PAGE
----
I found these two signs at a construction site in my neighborhood. Written in Hakata-ben, they sound more familiar, softer perhaps, and are probably more effective than if they had been written in standard Japanese.
In standard Japanese the sign would read: 危ないので、入ったらいけないよ (Lit. “Because it is dangerous, do not enter.”)
. . . ken means . . . kara or . . . node, and expresses a reason or cause.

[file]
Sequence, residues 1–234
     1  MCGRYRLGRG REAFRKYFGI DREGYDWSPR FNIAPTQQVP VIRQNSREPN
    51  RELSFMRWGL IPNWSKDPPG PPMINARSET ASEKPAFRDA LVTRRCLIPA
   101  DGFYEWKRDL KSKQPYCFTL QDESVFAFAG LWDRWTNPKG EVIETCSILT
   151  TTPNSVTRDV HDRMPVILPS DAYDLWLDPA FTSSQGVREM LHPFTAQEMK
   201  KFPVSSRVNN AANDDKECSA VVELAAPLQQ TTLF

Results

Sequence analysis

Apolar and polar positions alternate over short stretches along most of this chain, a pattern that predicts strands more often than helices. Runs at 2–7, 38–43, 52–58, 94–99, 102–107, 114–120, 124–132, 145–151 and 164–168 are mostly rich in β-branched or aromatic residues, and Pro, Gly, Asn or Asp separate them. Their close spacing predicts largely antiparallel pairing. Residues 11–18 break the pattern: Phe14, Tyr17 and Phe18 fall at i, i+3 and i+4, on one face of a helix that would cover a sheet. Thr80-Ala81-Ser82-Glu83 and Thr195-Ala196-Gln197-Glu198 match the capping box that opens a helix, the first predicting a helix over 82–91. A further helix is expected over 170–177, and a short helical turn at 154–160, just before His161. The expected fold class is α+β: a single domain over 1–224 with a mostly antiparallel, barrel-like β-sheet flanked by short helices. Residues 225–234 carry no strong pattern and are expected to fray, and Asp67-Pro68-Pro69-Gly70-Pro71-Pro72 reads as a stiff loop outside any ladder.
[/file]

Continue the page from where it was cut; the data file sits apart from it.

As we have seen in another posting, in many parts of Kyūshū, the i-ending of adjectives is replaced with -ka, so abunai (dangerous) becomes abunaka.
. . . ikenai is ikan in Hakata-ben, similar to akan in the Kansai dialect, but much less frequently used.
. . . to can added for emphasis or as a question marker.
. . . bai in standard Japanese is . . . dayo.
Again, in standard Japanese the sign would read: 工事しているので、立入禁止ばいのよ (Lit. “Under construction, entering is forbidden.”)